Following racially charged events, individuals often diverge in perceptions of what happened and how justice should be served. Examining data gathered shortly after the 2014 shooting of Michael Brown in Ferguson, Missouri alongside reactions to a novel officer-involved shooting, we unpack the processes by which racial divisions emerge. Even in a controlled information environment, white Americans preferred information that supported claims of a justified shooting. Conversely, Black Americans preferred information that implied that the officer behaved inappropriately. These differences stemmed from two distinct processes: we find some evidence for a form of race-based motivated reasoning and strong evidence for belief updating based on racially distinct priors. Differences in summary judgments were larger when individuals identified strongly with their racial group or when expectations about the typical behaviors of Black Americans and police diverged. The findings elucidate processes whereby individuals in different social groups come to accept differing narratives about contentious events.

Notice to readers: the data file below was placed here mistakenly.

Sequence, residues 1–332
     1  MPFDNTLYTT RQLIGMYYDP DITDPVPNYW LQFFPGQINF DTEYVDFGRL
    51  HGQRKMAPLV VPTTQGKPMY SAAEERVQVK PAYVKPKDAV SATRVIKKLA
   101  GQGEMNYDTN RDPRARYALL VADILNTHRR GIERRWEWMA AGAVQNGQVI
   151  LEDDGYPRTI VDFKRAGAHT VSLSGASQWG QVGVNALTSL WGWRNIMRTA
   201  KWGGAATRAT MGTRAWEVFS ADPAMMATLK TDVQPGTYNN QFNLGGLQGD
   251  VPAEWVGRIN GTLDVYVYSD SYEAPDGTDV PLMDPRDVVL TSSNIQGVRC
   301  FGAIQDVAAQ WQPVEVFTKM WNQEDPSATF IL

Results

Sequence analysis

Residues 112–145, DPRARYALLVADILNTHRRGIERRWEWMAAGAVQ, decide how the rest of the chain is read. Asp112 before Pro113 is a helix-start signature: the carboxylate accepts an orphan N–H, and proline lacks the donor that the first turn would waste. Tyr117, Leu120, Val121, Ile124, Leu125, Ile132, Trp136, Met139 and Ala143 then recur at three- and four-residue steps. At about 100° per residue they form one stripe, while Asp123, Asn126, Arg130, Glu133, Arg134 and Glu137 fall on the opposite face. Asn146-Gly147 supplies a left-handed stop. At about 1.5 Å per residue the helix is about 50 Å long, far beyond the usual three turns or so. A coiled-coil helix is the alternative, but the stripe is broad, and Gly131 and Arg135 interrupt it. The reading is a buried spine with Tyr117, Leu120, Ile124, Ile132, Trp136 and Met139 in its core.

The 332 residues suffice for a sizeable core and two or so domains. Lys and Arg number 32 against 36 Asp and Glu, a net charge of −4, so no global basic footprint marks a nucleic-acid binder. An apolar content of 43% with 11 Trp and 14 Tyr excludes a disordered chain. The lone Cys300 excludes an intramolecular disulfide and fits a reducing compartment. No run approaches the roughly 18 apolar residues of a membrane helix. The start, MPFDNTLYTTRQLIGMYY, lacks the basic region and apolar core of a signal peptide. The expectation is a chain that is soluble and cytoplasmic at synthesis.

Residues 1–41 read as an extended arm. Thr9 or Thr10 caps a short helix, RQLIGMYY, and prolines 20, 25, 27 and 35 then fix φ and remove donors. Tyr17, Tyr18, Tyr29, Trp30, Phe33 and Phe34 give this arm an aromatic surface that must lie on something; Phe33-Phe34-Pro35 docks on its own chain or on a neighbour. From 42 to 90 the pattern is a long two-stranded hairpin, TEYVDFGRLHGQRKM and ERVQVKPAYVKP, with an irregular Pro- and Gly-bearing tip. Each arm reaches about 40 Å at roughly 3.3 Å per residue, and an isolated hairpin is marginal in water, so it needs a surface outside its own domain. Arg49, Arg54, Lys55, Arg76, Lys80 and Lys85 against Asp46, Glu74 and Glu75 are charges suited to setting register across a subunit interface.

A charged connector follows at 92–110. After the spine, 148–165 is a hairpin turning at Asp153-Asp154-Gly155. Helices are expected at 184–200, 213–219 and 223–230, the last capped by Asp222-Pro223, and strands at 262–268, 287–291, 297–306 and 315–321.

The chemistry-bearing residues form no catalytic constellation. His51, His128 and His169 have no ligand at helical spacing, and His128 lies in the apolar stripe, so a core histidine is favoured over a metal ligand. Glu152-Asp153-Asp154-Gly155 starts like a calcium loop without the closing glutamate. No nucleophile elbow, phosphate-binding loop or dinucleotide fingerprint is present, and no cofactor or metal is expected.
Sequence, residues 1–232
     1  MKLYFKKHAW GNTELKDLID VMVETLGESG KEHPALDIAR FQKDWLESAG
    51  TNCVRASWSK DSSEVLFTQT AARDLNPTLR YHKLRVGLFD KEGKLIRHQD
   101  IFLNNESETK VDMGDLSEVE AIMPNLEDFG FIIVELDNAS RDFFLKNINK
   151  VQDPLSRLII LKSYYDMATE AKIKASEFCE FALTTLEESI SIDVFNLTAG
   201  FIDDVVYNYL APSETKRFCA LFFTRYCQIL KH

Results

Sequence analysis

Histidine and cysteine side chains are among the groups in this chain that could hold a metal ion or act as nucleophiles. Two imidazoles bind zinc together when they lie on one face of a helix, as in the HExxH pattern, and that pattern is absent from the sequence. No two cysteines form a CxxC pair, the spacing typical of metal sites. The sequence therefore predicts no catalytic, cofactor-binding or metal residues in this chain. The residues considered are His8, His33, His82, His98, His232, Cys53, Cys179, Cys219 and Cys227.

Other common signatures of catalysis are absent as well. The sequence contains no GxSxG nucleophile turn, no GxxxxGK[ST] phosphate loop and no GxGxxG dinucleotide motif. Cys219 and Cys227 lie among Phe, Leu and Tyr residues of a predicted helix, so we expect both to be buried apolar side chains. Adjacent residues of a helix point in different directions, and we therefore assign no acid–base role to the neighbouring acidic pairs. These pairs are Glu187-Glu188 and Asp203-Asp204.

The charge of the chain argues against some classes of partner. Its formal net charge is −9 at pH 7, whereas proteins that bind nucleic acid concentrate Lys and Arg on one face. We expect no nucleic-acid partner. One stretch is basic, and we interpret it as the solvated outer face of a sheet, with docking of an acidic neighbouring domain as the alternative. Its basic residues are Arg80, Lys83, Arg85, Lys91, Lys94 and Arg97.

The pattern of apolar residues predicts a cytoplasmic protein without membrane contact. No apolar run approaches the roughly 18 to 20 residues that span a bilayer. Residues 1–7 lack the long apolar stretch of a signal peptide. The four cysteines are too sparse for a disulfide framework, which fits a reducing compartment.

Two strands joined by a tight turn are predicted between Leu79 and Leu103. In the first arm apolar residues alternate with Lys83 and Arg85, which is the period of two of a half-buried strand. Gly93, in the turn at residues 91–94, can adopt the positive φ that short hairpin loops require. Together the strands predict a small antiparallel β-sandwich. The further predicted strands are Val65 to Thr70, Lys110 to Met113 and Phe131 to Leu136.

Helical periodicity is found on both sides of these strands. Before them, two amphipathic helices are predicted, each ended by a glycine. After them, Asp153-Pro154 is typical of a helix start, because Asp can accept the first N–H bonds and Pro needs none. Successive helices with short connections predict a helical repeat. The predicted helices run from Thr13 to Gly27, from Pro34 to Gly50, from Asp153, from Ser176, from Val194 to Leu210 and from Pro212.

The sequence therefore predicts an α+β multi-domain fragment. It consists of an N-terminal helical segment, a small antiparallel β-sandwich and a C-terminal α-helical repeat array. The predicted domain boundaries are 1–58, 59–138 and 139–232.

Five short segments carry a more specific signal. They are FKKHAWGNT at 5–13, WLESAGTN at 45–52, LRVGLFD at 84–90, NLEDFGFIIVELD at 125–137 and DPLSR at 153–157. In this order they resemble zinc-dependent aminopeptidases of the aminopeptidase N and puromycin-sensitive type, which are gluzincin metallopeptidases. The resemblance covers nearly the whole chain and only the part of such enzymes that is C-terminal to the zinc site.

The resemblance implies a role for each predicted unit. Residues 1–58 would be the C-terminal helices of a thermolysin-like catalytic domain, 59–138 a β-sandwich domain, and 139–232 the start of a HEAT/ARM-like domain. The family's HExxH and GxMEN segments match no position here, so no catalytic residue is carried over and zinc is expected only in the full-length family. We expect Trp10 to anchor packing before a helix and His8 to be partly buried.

ASJC Scopus subject areas
- Political Science and International Relations